To till or not to till?

by Barbara Marier
(British Columbia, Canada)

I'm a little confused about the no-till, or minimum till rule I've been reading about. I read books that say tilling is completely unnecessary, (such as Masanobu Fukuoka's "One Straw Revolution"), yet Bill Mollison (Permaculture) talks about growing green manure crops to turn under to enrich soil.


We have a 22-acre plot with about 3 acres of very sandy and depleted soil that was tilled a couple of years ago. We planted a legume crop 2 springs ago, and turned it under in the fall, then planted winter barley and turned it under the following spring. We now have a lush cover crop of clover growing there and are not sure what to do next. Should we turn it under again, or just leave it be? We do not yet live on the property, but are preparing it for a self-sustaining homestead once my husband retires in 2 years.

Can anyone enlighten me as to when, or if it is appropriate to get the tractor out and till the ground?

I should mention that our property is in northern British Columbia, with long, cold winters to minus 30 C, and frost penetration of the ground to 6 feet!

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Jun 12, 2012
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Tilling Means more Air in the Soil
by: Anonymous

When you till you loosen the soil and add air. This is beneficial. Maybe some organisms on the top of the soil croak and you kill a few worms but overall, I think tilling can be a great step to improving your soil. The key is adding the right amendments.

Jun 12, 2012
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A-TILLA the HUN
by: Anonymous

All these NO TILL people don't recognize the fact that commercial farming has relied on tilling for a long time. Do you really think that these farmers would go though the trouble of tilling if it did not work?
I have done both methods and tilling has many benefits like weed removal and mixing in compost.
I believe that once you have built your soil to an optimum level..............you can then stop tilling and let the biological action work for you.
So many people try to rush this process and end up disappointed.
There are many ways to arrive at the same destination..........just my humble opinion.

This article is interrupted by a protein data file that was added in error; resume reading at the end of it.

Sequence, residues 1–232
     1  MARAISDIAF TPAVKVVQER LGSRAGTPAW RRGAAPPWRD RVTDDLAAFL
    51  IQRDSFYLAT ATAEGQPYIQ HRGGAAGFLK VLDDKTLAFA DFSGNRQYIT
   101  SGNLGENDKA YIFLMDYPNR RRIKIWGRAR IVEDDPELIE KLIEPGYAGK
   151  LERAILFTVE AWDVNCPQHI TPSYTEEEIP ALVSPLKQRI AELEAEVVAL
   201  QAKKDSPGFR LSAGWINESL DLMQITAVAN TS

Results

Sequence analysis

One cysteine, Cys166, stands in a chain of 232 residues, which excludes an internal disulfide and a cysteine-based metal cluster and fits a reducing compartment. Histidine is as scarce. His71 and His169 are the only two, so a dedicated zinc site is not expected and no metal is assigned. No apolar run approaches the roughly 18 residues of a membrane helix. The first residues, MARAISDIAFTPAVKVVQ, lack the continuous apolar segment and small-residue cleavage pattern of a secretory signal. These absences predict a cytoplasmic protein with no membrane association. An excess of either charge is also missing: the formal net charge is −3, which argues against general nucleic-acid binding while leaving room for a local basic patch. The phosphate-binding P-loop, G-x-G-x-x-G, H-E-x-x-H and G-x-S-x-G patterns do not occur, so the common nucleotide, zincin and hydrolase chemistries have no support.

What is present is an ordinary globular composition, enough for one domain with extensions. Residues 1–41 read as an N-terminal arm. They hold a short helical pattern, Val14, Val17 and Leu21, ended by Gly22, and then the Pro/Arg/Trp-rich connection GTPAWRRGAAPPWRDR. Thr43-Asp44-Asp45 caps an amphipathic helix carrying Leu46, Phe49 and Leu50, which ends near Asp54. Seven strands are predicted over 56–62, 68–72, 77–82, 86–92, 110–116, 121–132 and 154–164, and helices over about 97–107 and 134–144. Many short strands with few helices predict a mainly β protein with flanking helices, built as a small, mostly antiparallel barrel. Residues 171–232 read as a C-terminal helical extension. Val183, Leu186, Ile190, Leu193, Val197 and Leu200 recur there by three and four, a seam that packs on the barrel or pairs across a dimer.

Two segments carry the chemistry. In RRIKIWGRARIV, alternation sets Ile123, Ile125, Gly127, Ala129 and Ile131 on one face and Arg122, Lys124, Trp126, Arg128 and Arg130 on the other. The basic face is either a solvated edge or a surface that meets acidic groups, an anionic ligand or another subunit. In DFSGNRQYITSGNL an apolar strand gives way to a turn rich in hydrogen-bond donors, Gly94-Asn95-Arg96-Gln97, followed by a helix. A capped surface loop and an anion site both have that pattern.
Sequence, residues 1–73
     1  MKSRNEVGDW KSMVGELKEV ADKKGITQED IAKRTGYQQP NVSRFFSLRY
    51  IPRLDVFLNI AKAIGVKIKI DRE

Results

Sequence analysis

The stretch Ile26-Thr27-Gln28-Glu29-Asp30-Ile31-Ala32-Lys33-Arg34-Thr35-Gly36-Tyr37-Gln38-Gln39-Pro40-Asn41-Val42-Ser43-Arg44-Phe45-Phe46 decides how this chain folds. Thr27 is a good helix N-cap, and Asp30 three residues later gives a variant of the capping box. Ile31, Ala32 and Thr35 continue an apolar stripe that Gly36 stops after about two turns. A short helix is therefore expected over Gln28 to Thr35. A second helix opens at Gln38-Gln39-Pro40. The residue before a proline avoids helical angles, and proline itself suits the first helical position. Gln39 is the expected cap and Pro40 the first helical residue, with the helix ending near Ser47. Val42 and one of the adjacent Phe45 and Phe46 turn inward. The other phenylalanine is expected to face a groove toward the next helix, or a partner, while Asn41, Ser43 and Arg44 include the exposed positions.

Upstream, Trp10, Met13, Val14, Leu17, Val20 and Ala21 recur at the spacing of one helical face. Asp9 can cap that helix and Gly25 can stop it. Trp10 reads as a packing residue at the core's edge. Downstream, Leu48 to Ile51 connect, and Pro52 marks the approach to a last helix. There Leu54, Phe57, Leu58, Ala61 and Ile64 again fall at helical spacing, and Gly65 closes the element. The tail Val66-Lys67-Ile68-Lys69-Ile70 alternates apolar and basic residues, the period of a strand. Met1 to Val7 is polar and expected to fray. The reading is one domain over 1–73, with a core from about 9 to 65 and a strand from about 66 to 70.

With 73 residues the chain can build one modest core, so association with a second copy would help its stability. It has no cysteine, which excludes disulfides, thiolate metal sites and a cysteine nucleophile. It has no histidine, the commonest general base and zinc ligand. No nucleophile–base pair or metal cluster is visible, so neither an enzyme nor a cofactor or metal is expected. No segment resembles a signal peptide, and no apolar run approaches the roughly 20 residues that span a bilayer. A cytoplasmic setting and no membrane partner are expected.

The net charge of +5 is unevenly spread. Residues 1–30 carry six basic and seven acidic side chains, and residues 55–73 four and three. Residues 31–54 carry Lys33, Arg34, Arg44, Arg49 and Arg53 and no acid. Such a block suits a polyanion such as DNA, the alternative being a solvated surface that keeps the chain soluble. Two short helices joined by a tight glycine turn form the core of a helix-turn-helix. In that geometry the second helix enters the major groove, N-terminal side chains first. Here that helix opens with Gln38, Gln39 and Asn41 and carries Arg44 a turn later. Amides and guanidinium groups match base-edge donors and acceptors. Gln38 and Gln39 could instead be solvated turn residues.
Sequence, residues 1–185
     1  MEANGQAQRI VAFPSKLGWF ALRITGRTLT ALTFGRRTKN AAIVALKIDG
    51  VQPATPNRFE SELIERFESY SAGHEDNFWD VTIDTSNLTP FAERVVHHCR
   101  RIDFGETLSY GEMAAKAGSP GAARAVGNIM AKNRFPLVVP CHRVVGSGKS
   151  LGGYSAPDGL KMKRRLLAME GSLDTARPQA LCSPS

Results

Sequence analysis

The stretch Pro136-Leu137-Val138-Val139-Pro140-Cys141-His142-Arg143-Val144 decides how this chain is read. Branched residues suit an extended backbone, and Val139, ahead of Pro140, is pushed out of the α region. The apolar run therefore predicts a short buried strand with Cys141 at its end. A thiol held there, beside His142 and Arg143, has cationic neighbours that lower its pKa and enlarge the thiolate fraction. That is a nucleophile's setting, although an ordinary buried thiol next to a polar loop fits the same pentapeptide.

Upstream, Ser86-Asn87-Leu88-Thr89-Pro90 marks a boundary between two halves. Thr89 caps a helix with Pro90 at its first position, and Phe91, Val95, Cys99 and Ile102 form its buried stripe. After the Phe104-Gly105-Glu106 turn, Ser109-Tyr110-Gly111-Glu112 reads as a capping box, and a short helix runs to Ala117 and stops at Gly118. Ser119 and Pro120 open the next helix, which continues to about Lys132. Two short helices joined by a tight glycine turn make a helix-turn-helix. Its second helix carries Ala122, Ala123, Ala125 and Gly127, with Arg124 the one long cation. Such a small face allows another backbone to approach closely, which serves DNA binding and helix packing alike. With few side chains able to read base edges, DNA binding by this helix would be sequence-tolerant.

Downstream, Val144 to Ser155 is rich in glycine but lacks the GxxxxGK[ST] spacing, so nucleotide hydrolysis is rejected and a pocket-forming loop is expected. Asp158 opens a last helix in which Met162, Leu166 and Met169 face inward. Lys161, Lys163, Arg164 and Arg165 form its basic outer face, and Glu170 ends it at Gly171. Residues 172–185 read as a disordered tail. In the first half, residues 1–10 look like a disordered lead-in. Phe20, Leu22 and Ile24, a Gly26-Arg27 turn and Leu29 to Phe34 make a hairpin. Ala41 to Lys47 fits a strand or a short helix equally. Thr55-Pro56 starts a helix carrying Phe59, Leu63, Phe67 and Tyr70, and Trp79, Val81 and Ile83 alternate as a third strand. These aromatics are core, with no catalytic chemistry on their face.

Rick

Sep 21, 2010
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Re:To till or not to till?
by: Anonymous

Hello, I would say no till. If you are trying to increase the nutrients in the soil you should not till anymore. When land is tilled, some nutrients in the soil are overly exposed to the air and are oxidised. Tilling kills the bacterial life in the soil when you invert it because the bacteria and microflora living at the top of the soil can't survive down the bottom and vice-versa. It is like a compost heap, it needs bacteria to break down the organic material. Green manures need bacteria and worms to break them down into the soil. True digging in will also improve the soil, however it is not as beneficial to the soil. For more information on this topic and where I personally learnt this, read the books, Beyond the Brink by Peter Andrews, and Plants Without Poison, by Paul something haha. Good luck!

Sep 19, 2010
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Tillage
by: Carole

The basic principle of no or minimal tillage is that, every time you turn your soil over you expose all your beneficial organisms to UV and air. They die and off-gas their carbon and nitrogen into the atmosphere. Over time you lose soil organic matter, structure and water holding capacity, and you lose soil.

Where you go from here will depend on what your final plans for this piece of land are.

If it's to be grazed, then start to establish perennial pastures by disc or drill seeding that doesn't lift the existing sod. If it gets too long, just cut it and leave it to lie, and the organisms will break it down and incorporate it into the soil. You build soil this way. Even if you eventually want to grow veg or plan an orchard, this is a pretty good way to improve the soil before you start.

The goal is to always have to have something actively growing in the soil (although I appreciate that's a tall order under snow!) and to encourage local native species that cope with your local climate. Nature never leaves soil bare deliberately.

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